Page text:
She continued by sharing that student fees and scholarship allowances increased this fiscal year, there were declines in federal grants and significant increases in both IUPUI and IU Bloomington auxiliary revenues.

Regarding compensation and benefits, she said they both account for 65% of operating expenses and that they increased $68 million, or 4%, over the prior fiscal year. This included approximately $17 million in early retirement incentives and related termination payouts. She said that savings from that program are starting to be realized and benefit costs continue to be moderated due to changes in health care plans.

She continued that net non-operating revenues increased 8% over fiscal year 2013, to $800 million and investment income increased $48 million which was double of the 2013 income. In other revenues, capital appropriations of $26 million, compared to zero in 2013, also contributed to strong non-operating revenue growth.

She stated that the operating results include the impact of the Cyclotron and Proton Therapy Center closings. As of June, the university wrote off $12.6 million in receivables related to the sale of assets and services.

Trustee Shoulders commended the university for consistently receiving unqualified opinions from the State Board of Accounts.

Senior Vice President and CFO and Treasurer MaryFrances McCourt provided an annual report of IU’s eight institutional financial metrics representing four Moody’s strategic metrics and four KPMG metrics. She also noted that metrics were included relative to the performance of IU’s operating investment portfolio. She said that performance improved relative to the projected performance for current year metrics and she highlighted that balance sheet metrics remain strong while income statement metrics show some strain going out five years as operating margins compress.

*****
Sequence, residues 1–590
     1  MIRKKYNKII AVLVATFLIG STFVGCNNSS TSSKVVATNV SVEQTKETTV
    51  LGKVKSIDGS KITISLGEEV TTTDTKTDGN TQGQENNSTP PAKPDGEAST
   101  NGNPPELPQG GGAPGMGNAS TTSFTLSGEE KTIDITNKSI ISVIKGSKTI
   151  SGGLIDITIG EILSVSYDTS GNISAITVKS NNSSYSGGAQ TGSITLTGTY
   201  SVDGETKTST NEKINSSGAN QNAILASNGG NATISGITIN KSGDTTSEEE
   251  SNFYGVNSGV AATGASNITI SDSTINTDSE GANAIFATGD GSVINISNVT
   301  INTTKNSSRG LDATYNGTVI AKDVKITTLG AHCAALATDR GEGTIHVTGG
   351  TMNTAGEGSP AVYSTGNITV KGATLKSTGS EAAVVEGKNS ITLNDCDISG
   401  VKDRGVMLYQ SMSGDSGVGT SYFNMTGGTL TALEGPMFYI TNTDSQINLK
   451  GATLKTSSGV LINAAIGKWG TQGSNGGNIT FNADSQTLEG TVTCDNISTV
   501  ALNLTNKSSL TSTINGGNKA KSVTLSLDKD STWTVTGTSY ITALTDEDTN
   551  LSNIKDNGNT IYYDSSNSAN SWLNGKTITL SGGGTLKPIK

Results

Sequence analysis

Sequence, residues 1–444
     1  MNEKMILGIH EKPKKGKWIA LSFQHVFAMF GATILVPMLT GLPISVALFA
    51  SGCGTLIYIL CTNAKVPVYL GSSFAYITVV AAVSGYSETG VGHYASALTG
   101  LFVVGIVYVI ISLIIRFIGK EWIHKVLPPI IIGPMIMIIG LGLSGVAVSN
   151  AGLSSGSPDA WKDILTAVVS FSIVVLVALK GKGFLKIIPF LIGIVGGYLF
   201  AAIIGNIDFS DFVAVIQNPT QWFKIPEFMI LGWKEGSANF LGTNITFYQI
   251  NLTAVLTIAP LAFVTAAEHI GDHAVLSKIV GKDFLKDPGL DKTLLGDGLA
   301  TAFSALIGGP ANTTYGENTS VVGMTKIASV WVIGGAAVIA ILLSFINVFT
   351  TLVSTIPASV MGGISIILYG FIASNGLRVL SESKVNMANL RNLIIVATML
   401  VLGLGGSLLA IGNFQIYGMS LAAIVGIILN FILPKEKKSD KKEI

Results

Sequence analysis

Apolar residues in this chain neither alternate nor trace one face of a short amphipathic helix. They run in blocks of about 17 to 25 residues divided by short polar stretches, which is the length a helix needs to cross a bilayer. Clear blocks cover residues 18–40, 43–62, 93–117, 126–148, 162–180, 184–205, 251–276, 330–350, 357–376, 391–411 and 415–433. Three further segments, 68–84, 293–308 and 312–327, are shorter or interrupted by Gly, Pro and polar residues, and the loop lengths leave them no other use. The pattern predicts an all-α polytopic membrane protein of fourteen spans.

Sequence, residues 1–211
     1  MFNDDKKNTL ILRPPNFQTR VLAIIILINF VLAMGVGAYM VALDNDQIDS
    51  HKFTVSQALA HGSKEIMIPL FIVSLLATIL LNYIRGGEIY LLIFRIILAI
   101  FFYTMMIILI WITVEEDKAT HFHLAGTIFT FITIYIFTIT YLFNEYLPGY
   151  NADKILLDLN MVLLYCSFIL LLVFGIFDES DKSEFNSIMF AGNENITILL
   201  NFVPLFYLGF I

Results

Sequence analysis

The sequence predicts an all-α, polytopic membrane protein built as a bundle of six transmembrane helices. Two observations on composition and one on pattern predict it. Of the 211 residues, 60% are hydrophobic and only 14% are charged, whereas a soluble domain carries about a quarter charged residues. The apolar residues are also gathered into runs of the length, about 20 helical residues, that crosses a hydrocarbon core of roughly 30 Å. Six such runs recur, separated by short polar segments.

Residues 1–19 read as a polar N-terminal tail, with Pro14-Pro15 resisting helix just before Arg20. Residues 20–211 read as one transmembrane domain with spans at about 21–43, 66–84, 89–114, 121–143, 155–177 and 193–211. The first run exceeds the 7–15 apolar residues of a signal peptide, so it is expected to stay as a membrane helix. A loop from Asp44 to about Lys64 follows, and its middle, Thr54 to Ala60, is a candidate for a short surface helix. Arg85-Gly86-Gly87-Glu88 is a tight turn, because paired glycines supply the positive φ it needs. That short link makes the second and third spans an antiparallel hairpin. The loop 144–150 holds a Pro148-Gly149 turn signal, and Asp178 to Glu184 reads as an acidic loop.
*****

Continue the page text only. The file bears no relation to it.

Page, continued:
Associate Vice President for Human Resources John Whelan sought support from the Board of Trustees to modify the name of one of IU’s retirement plans to avoid confusion with another similarly names plan. He stated that there were no substantive changes to the plan beyond the name change.


4. Report for the Facilities and Auxiliaries Committee

The committee heard a report from Associate Vice President for Capital Planning and Facilities John Lewis that included updates on major capital projects at IU Bloomington. Vice President Tom Morrison provided a repair and rehabilitation updated on the campus of IU Southeast. He stated that over $17.8 million has been spent for projects over the past four years which included qualified energy projects and deferred maintenance.

Vice President Morrison and Jim Schellinger, Chairman and CEO of CSO Architects, gave a presentation on the proposed design for the Assembly Hall renovation and requested approval per the Action Item noted in Appendix A.

Design approval per the Action Item in Appendix A was requested for campus housing expansion at IUPUI. Vice President Morrison, Gary Voirol, Vice President and Secretary of MSKTD & Associates, Inc., and Paul Wuennenberg, Principal with KWK Architects, provided an overview of the residence hall that will be completed in the summer of 2016.

Jeff Kaden, University Engineer and Director of Engineering Services, reported on IU’s energy management initiatives. He provided cost savings on qualified energy savings projects at IUN, IUK, IUS, IUSB and IUPUI and reported on energy monitoring and reduction strategies at IUB. Mr. Kaden continued with a review of thirteen LEED certified buildings on IU campuses. He said that IU has the highest number of LEED certified buildings in the Big 10 and that five additional buildings are in the review stage. He continued with considerations being given to renewable energy opportunities such as solar water heating and local wind turbines and future projects.